Lots of good stuff in there but I wanted to reply to the health thing. I think we are actually going to do something like you suggest. I was going to post some thoughts here but I think I will write up an actually blog about it. :)

Aganazer
05-26-2011, 11:07 AM
News system, detailing interesting events and trade opportunities, keeping the player in contact with your universe.

I love news systems in games. I forget exactly how it worked in SR2, but I remember it being entertaining and useful.

I liked the news in Master of Orion as well. The interruptions were always welcome. Whether it be some new galactic event, a star that went supernova, a race being wiped out, or even an overview of race rankings. I liked it all. I hope something like this makes it into the game.

And yes, visually devastated vessels must be the coolest thing in all of sci-fi. Even better if they become lifeless hulks that can be salvaged. :D

Bluddy
05-26-2011, 11:49 AM
Yeah really good ideas Magitek. I was also drawn to the HP thing: sounds like something out of Tie Fighter. It's common to switch from regular HP to hull + shield values in space games, but it's still basically similar to HP. I do think disabled systems are pretty awesome though. And it would slow down the fighting, making it more strategic. I do think there has to be an explosion in the end though (you mentioned supernova so I guess you agree). A game of just disabling is not exciting enough IMO.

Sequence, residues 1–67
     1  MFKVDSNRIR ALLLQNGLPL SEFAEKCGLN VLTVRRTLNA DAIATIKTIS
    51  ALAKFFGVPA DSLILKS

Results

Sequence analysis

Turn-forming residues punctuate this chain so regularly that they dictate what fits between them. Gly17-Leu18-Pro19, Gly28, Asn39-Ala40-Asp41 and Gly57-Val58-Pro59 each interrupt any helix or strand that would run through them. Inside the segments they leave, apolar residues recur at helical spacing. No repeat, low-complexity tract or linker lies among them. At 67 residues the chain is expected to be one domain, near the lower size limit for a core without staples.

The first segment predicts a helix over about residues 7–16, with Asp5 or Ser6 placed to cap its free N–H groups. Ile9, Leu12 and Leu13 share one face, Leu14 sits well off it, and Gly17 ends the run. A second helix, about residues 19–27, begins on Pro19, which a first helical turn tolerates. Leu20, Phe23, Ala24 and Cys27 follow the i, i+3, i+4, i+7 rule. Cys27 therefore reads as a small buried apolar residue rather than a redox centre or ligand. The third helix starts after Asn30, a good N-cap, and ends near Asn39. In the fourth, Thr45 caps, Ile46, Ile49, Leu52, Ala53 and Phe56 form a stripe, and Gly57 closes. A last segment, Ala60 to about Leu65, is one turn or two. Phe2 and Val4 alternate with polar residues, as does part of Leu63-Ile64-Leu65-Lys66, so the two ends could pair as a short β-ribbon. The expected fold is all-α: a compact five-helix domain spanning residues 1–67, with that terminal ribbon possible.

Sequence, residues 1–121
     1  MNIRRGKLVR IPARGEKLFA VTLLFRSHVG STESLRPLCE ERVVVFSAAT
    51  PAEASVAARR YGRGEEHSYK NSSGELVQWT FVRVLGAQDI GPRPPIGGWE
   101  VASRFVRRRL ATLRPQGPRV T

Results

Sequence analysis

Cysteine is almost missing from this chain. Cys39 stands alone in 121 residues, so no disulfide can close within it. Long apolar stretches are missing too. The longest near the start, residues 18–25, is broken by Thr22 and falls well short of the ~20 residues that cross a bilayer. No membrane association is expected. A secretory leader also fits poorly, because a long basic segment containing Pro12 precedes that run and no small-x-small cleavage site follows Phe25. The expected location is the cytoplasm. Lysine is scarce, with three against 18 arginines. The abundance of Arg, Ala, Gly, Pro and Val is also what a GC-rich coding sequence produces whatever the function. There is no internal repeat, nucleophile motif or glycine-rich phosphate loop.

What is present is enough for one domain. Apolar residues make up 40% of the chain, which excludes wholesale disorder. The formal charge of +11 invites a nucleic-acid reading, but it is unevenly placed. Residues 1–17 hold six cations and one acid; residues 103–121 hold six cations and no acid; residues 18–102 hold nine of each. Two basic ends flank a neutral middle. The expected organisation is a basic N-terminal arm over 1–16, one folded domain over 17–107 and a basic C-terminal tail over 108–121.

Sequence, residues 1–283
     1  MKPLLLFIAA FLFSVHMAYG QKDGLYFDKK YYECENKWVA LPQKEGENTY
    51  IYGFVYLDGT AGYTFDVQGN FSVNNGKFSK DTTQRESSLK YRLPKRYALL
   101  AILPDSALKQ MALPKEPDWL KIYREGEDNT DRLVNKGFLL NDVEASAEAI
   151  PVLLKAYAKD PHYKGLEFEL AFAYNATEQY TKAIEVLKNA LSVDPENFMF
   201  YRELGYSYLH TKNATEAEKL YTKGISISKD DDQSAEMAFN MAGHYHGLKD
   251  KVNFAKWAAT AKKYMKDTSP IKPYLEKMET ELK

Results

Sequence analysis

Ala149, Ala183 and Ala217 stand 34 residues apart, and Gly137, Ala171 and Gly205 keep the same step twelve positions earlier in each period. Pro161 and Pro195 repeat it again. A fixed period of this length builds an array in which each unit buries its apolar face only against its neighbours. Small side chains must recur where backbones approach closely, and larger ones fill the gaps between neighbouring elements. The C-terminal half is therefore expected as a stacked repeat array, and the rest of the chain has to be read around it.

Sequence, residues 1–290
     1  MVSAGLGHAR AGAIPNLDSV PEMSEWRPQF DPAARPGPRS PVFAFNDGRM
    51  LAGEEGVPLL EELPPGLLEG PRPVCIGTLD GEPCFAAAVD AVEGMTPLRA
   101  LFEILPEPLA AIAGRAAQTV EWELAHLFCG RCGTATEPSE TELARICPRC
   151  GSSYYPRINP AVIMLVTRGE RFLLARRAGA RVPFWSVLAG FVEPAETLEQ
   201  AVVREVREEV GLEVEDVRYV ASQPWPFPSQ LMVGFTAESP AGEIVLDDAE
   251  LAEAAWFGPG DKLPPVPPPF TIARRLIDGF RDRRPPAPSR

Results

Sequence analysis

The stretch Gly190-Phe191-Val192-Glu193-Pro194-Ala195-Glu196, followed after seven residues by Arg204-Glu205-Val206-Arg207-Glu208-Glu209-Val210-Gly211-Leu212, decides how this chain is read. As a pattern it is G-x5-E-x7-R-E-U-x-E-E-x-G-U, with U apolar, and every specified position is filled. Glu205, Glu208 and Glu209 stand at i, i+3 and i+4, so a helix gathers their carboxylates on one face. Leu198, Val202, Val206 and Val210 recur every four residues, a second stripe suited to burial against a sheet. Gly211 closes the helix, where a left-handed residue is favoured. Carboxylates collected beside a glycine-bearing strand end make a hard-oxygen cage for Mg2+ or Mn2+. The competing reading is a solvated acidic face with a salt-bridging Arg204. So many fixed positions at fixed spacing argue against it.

Speaking of SR2, I've been trying to get into it. I've started the tutorial 4 times, and each time something else happens. Either a random pirate destroys me, or the game sends me to do the fighting practice by an enemy faction's planet where I'm soon obliterated, or I try to buy illegal weapons (since they're cheap, as the little thumbs up indicate) and promptly get arrested, spending the rest of my 'tutorial' in the jail adventure.

The moral of the story is, if you're going to make a tutorial, do it in a safe environment so it can actually be finished :)

Friendzie
07-12-2011, 03:47 PM
Perhaps you guys could also look to the classic Star Control 2 for some inspiration, as that was a relatively dynamic space world where different factions could become more or less relevant depending on your actions. The combat was also a blast, although assuming it's the same engine as your previous games, I realize you certainly wouldn't be remaking Star Control or anything.